Giuseppe Vincenzo Tucci, geboren 5. Juni 1894 in Macerata; gestorben 5. April 1984 in San Polo dei Cavalieri bei Rom. Autodidaktisch erlernte er Hebräisch, Chinesisch, Persisch und Sanskrit, besuchte die Universität von Rom, studierte ab 1925 Buddhismus, Tibetisch und Bengalisch an der von Rabindranath Tagore gegründeten Visva-Bharati University in Santiniketan, West-Bengalen, und unterrichtete dort Italienisch und Chinesisch. Zusammen mit dem Philosophen Giovanni Gentile gründete er 1933 das Istituto italiano per il Medio ed Estremo Oriente, IsMEO, mit Sitz in Rom, dessen Präsident er von 1947 bis 1978 war und das 1955 mit dem Istituto italo-africano zum Istituto italiano per l’Africa e l’Oriente, IsIAO, zusammengelegt wurde. 1948 erhielt Tucci die Erlaubnis, den jungen Dalai Lama in Lhasa zu treffen, er war der dritte Italiener, der diese Stadt des Lamaismus betrat. Zwischen 1926 und 1954 unternahm er mehr als dreizehn Reisen und Expeditionen nach Nepal und Tibet, ab 1955 mehrere archäologische Grabungen im Swat-Tal im heutigen Pakistan, in Ghazni in Afghanistan, in Persepolis im Iran sowie im Himalaya. Zahlreiche der von ihm gesammelten Fundstücke befinden sich im 1957 gegründeten Museo Nazionale d’Arte Orientale zu Rom. Er unterstützte den italienischen Faschismus und Benito Mussolini. 1978 erhielt der den Jawaharlal Nehru Award for International Understanding, 1979 den Balzan Preis für Geschichte. Er verfaßte mehr als 360 Bücher und Zeitschriftenbeiträge. Der Tibetologe Donald S. Lopez schreibt: „For Tucci, Tibet was an ecological paradise and timeless utopia into which industrialized Europe figuratively could escape and find peace, a cure for western ills, and from which Europe could find its own pristine past to which to return.“ Am 8. Oktober 1973 schrieb Tucci in Il Tempo: „io non credo in Dio, non credo nell’anima, non credo in nessuna Chiesa ma in tre principi soltanto: retto pensiero, retta parola, retta azione“.

Giuseppe Tucci’s Tibet, Photographs from the 1930s expeditions.

 

Aldous Huxley: Tibet

In moments of complete despair, when it seems that all is for the worst in the worst of all possible worlds, it is cheering to discover that there are places where stupidity reigns even more despotically than in Western Europe, where civilization is based on principles even more fantastically unreasonable. Recent experience has shown me that the depression into which the Peace, Mr. Churchill, the state of contemporary literature, have conspired to plunge the mind, can be sensibly relieved by a study, even superficial, of the manners and customs of Tibet. The spectacle of an ancient and elaborate civilization of which almost no detail is not entirely idiotic is in the highest degree comforting and refreshing. It fills us with hopes of the ultimate success of our own civilization; it restores our wavering self-satisfaction in being citizens of industrialized Europe. Compared with Tibet, we are prodigious. Let us cherish the comparison.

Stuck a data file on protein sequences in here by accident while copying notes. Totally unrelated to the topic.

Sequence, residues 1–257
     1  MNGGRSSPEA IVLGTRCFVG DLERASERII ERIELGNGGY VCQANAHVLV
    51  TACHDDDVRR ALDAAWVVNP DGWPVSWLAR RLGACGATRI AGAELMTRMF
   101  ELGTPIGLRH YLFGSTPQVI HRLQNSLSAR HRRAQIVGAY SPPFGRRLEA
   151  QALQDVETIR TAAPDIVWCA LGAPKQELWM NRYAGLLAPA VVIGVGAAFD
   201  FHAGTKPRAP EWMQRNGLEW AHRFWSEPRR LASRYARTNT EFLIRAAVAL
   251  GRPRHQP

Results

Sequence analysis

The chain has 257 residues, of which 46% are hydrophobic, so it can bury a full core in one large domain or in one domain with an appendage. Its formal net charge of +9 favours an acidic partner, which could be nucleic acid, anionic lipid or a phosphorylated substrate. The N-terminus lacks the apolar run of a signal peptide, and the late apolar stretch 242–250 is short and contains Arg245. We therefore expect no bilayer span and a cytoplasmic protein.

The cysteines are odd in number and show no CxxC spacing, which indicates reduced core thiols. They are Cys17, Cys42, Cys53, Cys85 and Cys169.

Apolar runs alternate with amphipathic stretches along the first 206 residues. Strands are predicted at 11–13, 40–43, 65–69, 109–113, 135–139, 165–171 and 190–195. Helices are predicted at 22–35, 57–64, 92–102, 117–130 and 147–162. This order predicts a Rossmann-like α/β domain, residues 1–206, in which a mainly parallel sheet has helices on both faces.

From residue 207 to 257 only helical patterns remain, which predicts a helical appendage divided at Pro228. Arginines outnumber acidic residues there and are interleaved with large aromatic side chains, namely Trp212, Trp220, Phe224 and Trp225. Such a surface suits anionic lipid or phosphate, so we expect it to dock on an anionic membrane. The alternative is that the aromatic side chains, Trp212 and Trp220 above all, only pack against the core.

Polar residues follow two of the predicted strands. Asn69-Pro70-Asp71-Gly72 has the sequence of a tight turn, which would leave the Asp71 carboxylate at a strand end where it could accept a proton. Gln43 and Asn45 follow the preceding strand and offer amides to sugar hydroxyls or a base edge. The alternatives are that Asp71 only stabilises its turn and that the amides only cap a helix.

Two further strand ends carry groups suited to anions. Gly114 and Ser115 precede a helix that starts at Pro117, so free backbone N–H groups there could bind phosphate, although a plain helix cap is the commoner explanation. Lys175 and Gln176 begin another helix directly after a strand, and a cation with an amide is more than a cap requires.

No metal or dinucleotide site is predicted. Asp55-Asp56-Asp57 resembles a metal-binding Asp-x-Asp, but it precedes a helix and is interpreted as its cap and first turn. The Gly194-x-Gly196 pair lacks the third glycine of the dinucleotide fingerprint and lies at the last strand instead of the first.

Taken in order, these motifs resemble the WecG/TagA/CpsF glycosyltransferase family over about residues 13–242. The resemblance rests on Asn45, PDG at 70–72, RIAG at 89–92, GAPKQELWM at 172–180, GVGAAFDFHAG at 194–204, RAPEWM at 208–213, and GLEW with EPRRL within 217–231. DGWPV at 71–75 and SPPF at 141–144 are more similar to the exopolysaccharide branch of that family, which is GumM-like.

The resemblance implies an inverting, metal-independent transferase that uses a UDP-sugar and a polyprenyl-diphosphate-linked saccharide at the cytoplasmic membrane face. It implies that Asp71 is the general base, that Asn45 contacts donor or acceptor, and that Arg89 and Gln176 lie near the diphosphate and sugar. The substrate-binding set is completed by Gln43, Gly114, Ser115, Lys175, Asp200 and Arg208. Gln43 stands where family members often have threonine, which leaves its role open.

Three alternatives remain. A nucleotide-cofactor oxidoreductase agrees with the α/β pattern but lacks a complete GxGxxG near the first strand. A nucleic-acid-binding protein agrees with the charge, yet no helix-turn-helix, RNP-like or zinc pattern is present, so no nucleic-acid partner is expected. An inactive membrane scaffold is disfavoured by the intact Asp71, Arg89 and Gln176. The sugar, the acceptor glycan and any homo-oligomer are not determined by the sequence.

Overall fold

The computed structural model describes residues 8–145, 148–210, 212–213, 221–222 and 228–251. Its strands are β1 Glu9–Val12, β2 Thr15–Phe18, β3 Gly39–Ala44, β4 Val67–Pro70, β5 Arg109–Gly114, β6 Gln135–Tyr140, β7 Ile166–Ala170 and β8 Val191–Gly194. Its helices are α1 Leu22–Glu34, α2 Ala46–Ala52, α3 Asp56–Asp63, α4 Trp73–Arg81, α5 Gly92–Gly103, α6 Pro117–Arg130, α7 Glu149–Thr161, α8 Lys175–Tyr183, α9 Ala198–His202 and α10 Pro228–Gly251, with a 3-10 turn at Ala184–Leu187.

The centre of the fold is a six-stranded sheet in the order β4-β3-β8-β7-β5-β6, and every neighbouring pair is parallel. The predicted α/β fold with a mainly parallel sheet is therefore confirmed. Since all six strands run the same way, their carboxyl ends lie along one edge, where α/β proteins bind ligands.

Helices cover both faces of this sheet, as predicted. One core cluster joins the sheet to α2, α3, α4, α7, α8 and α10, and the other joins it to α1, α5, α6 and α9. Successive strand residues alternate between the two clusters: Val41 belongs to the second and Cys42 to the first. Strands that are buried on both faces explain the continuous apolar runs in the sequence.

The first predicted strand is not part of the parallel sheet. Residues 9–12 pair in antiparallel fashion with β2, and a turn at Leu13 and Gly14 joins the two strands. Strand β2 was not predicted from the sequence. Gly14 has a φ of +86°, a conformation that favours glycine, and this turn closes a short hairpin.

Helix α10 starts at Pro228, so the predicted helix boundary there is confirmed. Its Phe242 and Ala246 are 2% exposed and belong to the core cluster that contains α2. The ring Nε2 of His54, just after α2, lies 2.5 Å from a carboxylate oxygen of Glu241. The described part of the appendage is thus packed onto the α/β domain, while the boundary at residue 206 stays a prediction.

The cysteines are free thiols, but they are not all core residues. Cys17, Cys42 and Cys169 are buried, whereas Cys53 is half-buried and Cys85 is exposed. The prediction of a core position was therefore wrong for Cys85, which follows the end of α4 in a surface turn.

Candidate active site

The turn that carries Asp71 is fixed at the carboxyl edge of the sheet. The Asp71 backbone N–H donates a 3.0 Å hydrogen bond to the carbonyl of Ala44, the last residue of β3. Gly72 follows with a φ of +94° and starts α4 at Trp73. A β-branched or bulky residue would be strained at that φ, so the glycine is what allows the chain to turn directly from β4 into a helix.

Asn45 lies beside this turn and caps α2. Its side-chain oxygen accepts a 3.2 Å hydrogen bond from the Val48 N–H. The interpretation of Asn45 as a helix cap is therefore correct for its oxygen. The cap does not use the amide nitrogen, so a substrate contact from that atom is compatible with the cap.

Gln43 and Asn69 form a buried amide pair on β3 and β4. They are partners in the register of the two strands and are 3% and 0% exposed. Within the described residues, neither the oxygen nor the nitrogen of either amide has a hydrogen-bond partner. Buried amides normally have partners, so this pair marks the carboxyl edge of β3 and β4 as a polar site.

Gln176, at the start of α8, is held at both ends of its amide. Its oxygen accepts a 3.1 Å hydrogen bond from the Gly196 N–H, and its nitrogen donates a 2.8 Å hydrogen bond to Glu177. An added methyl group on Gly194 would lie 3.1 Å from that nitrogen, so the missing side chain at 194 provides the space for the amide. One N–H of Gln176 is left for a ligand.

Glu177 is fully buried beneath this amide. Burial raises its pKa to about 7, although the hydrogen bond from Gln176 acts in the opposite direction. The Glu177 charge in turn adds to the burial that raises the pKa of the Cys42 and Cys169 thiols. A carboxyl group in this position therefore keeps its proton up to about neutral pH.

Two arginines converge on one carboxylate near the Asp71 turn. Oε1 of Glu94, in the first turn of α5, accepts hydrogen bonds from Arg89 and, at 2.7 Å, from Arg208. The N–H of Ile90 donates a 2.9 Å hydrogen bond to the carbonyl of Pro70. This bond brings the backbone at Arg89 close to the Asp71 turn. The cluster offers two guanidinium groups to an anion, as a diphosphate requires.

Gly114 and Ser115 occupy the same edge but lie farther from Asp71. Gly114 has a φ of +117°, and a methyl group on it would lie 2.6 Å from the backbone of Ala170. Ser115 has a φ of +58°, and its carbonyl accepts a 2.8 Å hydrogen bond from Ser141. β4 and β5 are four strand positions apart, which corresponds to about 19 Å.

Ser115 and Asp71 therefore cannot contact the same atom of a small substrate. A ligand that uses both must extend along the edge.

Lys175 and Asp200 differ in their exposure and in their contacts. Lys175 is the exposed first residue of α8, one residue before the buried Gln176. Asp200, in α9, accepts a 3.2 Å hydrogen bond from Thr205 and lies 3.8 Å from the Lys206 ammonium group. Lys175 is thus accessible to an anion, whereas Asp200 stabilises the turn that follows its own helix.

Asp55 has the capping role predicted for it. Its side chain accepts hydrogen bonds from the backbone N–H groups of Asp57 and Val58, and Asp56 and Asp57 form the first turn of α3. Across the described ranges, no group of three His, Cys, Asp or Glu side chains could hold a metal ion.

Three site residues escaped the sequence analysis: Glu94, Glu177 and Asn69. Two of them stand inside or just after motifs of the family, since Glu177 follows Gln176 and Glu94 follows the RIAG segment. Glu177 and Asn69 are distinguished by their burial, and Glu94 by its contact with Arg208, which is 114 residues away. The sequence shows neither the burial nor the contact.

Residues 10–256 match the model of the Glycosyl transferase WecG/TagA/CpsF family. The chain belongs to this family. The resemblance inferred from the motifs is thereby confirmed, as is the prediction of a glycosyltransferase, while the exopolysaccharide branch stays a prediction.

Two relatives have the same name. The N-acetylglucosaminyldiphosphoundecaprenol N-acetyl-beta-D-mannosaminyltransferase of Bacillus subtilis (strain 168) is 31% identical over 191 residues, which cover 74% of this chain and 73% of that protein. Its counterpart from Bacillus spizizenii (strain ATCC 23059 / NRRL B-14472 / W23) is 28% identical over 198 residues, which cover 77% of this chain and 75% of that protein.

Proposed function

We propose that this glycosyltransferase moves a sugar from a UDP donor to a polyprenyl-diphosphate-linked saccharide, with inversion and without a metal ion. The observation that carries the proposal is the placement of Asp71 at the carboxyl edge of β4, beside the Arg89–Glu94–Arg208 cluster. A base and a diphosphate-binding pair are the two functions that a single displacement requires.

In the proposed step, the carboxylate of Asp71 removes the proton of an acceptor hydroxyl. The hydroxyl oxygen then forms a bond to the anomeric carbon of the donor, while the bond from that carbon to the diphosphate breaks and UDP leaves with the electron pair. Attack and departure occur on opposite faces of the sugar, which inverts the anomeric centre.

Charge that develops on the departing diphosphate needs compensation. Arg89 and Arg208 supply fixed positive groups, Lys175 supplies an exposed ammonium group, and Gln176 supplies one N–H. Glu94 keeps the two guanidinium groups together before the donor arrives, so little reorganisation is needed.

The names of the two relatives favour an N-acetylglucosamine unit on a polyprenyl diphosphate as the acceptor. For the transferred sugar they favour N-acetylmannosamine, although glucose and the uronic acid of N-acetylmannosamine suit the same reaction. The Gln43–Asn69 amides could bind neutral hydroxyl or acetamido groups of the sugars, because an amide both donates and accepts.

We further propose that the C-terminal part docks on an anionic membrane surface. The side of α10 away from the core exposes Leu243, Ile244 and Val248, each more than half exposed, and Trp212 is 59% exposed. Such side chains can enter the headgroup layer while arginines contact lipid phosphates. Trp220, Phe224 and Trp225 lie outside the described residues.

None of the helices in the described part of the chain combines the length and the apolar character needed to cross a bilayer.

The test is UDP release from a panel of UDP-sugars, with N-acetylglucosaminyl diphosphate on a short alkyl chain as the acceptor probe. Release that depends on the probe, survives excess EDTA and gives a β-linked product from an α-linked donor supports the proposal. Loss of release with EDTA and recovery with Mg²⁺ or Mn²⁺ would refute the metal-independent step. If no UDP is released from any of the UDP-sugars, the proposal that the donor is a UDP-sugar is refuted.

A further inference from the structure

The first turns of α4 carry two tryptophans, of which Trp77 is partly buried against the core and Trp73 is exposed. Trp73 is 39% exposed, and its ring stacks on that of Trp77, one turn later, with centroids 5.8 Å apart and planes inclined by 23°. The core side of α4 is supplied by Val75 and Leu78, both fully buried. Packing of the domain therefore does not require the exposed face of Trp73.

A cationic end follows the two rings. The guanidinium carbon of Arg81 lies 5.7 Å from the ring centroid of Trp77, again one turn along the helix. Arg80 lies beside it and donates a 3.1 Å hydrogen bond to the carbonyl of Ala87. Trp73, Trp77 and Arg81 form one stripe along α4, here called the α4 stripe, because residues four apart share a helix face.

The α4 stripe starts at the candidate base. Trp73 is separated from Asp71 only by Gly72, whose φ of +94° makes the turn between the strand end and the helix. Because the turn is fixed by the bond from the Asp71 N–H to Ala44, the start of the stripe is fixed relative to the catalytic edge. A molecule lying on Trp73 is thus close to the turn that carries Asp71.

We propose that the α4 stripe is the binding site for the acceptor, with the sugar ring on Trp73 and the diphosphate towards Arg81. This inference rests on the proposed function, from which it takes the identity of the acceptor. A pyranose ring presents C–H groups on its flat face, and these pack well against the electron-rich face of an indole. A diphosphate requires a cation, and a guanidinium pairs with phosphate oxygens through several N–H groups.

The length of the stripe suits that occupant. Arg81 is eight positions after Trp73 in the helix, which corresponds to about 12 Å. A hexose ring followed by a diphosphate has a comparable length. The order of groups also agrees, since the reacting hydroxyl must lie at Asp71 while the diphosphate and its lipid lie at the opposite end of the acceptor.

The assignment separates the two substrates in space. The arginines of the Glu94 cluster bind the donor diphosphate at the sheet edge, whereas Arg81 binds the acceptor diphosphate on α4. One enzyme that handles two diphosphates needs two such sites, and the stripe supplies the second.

My informant about Tibetan civilization is a certain Japanese monk of the name of Kawaguchi, who spent three years in Tibet at the beginning of the present century. His account of the experience has been translated into English, and published, with the title Three Years in Tibet, by the Theosophical Society. It is one of the great travel books of the world, and, so far as I am aware, the most interesting book on Tibet that exists. Kawaguchi enjoyed opportunities in Tibet which no European traveller could possibly have had. He attended the University of Lhasa, he enjoyed the acquaintance of the Dalai Lama himself, he was intimate with one of the four Ministers of Finance, he was the friend of lama and layman, of all sorts and conditions of Tibetans, from the highest class to the lowest — the despicable caste of smiths and butchers. He knew his Tibet intimately; for those three years, indeed, he was for all practical purposes a Tibetan. This is something which no European explorer can claim, and it is this which gives Kawaguchi’s book its unique interest.